Horror movies may not have the year-round box office appeal of big-action blockbusters. But, as well as having a seasonal Halloween appeal, they’re the type of films we tend to remember most, and stay with us for days, weeks or even years afterwards.

Watching a horror film can also have a significant, albeit temporary effect on how our bodies function; and with halloween just around the corner, we thought it would be interesting to take a look at these effects in more detail.

So, with the help of clinical lead Dr Daniel Atkinson, we’ve put together our own timeline, explaining what the body goes through during a horror film experience at the cinema:

  • Pre-film

The pre-film aspects of a trip to the cinema to see a horror movie can be quite relaxing and pleasant. It’s time to select your favourite drink and snack whilst catching up with friends. Your heart rate will be steady and you might feel excited about what lies ahead.

  • 0-20 minutes (1st act)

As the story builds your body might begin to show signs of mild anxiety as it anticipates something bad happening.

A horror film that follows a conventional narrative structure will set the audience’s heart racing within the first ten minutes or so. A scary scene will cause a sudden spike in fear, and set the tone so that the audience is kept on edge throughout the duration of the film.

In response, the body’s sympathetic nervous system will increase the levels of cortisol and adrenaline being pumped around the body. The ‘fight or flight’ hormones prepare the body for extreme circumstances, in case it might have to react in a moment’s notice.

Pulse and respiration rate will increase to make sure that the body is prepared for action, whether that be running away or staying and fighting.

Pupils will dilate to increase sensitivity and broaden vision so that any potential threats can be easily identified.

  • 20-70 mins (2nd act)

The narrative will then aim to create rises and slumps in anxiety and anticipation as each scene is played out.

Lots of mini spikes in fear will be activated, as the film uses various techniques, such as false jump scares. This storytelling method will lead you to believe you’re about to encounter something truly terrifying and at the last minute it turns out to be something very normal instead (but then followed up very quickly by something actually scary).

You may experience palmar hyperhidrosis, more commonly known as sweaty hands, another process triggered by the sympathetic nervous system. The palms of our hands contain lots of eccrine sweat glands which are activated when we get scared.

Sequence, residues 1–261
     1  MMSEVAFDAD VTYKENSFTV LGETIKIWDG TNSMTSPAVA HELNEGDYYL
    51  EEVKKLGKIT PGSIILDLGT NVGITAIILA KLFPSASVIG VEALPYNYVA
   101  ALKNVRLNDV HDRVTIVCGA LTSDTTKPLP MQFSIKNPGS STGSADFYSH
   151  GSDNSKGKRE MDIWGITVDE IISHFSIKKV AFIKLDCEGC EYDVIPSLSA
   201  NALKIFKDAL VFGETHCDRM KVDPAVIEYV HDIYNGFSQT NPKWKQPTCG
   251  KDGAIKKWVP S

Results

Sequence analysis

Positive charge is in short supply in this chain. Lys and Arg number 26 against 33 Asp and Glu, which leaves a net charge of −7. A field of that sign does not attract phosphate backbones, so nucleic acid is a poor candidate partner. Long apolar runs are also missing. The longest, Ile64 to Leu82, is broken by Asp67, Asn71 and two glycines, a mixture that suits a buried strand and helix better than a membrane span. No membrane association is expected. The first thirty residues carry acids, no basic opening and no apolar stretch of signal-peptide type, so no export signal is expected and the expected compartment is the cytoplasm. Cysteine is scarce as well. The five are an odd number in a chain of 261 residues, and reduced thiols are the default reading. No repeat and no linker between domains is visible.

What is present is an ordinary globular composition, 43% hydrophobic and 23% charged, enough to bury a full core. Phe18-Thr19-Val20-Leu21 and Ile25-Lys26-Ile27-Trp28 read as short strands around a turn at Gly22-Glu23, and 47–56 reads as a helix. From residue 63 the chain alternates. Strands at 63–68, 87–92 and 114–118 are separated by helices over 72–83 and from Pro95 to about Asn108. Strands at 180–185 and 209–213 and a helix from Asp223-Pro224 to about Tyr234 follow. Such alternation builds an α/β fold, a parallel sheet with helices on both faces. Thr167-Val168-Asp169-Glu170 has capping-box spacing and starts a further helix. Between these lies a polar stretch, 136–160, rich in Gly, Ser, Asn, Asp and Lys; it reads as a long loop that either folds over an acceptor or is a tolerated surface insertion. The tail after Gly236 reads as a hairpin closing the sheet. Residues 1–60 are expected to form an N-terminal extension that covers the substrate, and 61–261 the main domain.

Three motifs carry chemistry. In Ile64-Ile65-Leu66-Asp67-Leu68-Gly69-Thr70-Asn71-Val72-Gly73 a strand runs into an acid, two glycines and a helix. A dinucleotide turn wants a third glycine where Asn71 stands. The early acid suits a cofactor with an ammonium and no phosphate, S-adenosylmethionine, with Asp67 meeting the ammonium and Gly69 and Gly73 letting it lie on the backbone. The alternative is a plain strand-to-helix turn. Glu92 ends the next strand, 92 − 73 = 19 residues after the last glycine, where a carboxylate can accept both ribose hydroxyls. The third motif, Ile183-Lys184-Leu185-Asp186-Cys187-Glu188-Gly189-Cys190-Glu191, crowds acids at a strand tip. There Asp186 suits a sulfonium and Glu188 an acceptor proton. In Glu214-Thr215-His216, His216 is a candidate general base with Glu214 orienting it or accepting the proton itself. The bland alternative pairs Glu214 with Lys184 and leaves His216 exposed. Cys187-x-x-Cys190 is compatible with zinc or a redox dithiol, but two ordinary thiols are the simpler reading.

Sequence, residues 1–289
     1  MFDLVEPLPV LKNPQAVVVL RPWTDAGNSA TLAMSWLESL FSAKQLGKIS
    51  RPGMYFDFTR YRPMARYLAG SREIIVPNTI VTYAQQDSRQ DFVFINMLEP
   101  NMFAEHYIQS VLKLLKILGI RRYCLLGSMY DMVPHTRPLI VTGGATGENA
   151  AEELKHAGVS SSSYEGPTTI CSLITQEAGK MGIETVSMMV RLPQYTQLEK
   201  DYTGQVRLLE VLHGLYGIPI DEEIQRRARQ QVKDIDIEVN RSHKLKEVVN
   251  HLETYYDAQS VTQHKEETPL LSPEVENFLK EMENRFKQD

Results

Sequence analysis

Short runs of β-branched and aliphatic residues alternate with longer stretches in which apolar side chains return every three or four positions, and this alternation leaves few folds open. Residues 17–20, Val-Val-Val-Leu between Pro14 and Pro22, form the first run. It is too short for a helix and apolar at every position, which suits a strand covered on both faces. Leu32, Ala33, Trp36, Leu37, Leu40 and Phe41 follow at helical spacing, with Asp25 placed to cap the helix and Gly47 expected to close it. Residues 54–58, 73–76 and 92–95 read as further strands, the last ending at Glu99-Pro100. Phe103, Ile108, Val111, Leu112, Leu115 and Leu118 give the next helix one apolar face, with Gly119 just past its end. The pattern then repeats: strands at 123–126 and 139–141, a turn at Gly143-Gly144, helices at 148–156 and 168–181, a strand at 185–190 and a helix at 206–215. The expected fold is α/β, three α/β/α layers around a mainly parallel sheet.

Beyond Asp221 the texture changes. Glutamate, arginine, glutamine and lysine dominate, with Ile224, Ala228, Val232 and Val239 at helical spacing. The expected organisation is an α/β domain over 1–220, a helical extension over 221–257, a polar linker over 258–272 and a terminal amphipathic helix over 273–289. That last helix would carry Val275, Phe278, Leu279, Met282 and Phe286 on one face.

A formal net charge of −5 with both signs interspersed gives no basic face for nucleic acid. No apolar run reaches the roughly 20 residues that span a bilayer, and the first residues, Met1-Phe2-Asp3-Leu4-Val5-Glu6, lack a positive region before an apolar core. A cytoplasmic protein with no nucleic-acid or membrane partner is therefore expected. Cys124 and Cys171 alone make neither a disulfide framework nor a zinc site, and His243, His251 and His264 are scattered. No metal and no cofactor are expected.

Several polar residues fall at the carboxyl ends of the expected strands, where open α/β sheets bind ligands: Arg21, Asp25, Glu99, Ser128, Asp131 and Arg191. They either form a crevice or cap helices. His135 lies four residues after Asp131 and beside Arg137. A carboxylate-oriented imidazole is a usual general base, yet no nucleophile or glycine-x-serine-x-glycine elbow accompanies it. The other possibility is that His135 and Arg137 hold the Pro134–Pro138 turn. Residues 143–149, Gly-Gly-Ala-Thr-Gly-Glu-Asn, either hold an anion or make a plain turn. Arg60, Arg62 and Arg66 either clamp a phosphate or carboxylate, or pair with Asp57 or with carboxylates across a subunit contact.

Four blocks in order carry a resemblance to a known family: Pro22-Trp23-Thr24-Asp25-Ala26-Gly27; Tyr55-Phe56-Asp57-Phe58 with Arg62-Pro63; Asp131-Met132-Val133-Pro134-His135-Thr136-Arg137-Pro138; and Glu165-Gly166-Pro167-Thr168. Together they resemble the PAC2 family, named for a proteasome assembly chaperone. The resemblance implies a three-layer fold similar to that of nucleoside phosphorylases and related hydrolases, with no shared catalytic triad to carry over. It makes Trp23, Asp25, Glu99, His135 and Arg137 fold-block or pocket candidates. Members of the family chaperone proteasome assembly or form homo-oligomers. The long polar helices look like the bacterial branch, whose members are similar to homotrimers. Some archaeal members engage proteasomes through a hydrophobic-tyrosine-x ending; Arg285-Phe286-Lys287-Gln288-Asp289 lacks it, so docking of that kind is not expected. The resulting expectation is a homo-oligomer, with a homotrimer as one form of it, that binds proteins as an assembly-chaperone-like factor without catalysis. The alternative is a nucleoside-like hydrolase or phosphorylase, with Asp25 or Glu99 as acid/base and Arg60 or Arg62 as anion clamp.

• 70-90 minutes (3rd act)

The climax of the movie will likely leave you noticing your heart pumping hard in your chest, you may even feel palpitations. During the aforementioned ‘fight or flight’ reaction the blood rushes away from the gut and instead heads towards the essential organs (brain and heart) resulting in the feeling of palpitations.

As the scare factor ramps up, you might notice other reactions such as your hair standing on end, also known as goosebumps or piloerection. Thought to be linked to our ancestral animal instincts, our hairs stand on end when we are in a dangerous situation.

Once the film concludes the audience will feel an immense sense of relief. You may have even held your breath at crucial points and so take a large intake of oxygen

  • Post-film

It should only take a short while for the body to reacclimatise, as the brain is able to quickly distinguish between what is real and what is not. Therefore a normal heart rate should be reestablished fairly quickly.

All of the processes listed above can potentially burn energy and leave members of the audience feeling a little fatigued later on. However, if you’ve been snacking on sugary or salty treats you might not feel these effects straight away.

Traditional cinema snacks tend to be either high in sugar or high in salt. A gripping scary storyline might mean that you are more likely to mindlessly eat a greater amount of your chosen snacks than you usually would. The caffeine and sugar found in some fizzy drinks and snacks could leave you feeling agitated and jumpy. This combination could also contribute to a poor night’s sleep.

The terrifying content that fills horror movies may infiltrate our dreams, and occasionally this can keep us from getting a good night’s sleep. Therefore the effects of a horror movie may be more far reaching than initially thought.

However, we aren’t by any means advising against them. Watching horror films can be a memorable, exhilarating and fun experience; and a great social occasion to enjoy with friends. And there are few things quite as atmospheric as enjoying a horror film at Halloween. But keeping an eye on your sugar and snack consumption while enjoying it, as always, is a good idea.

The pleasure/fear connection

Why do some people enjoy the feeling of being scared more than others?

The answer to this is not exactly known, as it potentially lies within the depths of our own personalities. The parts of the brain triggered by fear and pleasure are thought to be closely linked, and this may be why some people enjoy the thrill of feeling scared when watching a film more than others.